Assessing the impact of deliberation and information on opinion change: a quasi-experiment in public deliberation
Farrell, David M.
Deliberative democracy has become fashionable for many and it has been used in some places to solve real-world policy problems. However measuring the ‘success’ of deliberative democracy is not clearly achievable. For most ‘success’ is measured in terms of opinion change, but these are only rarely measured against control groups, and in particular there is no way of knowing if the opinion change took place because of the deliberation or because of information they received through the deliberation process. Exercises in deliberation seem to represent one big treatment. But we would want to separate out the component parts of the treatment. This paper outlines the results of an experiment in which deliberation took place in a pilot Citizens’ Assembly in Ireland. As part of this we measured the impact using pre and post-test controls, including a control group given the information the CA participants received, but without the deliberation. The results of the experiment reveal that there is a deliberation effect separate to the information effect.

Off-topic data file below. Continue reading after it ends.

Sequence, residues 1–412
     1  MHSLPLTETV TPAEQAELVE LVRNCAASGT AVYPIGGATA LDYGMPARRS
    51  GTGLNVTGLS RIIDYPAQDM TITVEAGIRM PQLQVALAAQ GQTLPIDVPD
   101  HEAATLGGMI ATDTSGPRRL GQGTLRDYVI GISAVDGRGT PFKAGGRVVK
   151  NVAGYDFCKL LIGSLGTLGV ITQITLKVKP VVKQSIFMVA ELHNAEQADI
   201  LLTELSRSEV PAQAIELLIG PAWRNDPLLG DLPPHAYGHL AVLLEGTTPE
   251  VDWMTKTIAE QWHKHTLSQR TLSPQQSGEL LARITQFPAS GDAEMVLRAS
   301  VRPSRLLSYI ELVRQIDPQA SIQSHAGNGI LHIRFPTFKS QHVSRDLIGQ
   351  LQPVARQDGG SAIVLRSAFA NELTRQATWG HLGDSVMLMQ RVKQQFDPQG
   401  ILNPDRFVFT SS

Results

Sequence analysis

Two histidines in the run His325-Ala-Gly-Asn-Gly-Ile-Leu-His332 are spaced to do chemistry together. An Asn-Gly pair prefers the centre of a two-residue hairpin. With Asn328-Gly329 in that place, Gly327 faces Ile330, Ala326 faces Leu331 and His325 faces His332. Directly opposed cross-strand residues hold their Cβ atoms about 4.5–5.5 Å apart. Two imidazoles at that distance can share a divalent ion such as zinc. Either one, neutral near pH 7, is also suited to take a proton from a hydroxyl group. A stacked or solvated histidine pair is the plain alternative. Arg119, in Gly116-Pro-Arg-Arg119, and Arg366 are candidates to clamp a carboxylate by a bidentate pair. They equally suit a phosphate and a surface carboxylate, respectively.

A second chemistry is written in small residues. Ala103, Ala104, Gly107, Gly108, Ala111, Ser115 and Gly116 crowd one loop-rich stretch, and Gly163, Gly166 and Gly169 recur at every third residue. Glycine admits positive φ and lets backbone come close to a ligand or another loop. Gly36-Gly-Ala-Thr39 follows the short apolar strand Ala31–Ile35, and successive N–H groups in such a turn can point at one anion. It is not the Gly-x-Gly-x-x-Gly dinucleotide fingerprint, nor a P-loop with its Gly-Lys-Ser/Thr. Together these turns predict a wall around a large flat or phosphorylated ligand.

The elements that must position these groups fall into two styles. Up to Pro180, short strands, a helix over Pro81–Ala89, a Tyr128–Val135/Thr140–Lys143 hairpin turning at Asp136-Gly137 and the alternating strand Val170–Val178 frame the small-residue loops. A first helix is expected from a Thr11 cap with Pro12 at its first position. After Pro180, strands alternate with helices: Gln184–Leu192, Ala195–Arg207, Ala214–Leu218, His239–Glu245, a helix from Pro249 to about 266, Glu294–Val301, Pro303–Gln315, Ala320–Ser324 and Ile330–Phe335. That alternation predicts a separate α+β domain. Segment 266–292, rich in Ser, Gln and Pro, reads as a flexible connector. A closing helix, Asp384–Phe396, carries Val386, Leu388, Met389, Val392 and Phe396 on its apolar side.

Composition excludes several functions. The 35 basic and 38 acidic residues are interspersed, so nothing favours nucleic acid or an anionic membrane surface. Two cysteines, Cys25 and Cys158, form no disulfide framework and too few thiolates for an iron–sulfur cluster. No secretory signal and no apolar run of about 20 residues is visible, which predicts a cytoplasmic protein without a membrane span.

Mass participation , Behavioral politics
FARRELL, D.M., O’MALLEY, E. & SUITER, J. 2012. Assessing the impact of deliberation and information on opinion change: a quasi-experiment in public deliberation. 2nd Annual General Conference of the European Political Science Association. Berlin, 21-23 June 2012.
©2012, The Authors.